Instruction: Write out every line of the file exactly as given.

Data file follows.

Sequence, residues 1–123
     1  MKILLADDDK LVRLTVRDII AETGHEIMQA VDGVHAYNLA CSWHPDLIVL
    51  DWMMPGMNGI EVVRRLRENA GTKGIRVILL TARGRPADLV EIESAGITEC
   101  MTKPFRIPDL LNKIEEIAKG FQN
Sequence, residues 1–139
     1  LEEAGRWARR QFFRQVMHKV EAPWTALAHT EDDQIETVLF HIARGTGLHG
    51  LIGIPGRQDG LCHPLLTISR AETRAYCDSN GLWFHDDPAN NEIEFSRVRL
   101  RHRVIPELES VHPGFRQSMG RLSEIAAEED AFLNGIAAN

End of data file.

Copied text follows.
Sequence, residues 1–123
     1  MKILLADDDK LVRLTVRDII AETGHEIMQA VDGVHAYNLA CSWHPDLIVL
    51  DWMMPGMNGI EVVRRLRENA GTKGIRVILL TARGRPADLV EIESAGITEC
   101  MTKPFRIPDL LNKIEEIAKG FQN
Sequence, residues 1–139
     1  LEEAGRWARR QFFRQVMHKV EAPWTALAHT EDDQIETVLF HIARGTGLHG
    51  LIGIPGRQDG LCHPLLTISR AETRAYCDSN GLWFHDDPAN NEIEFSRVRL
   101  RHRVIPELES VHPGFRQSMG RLSEIAAEED AFLNGIAAN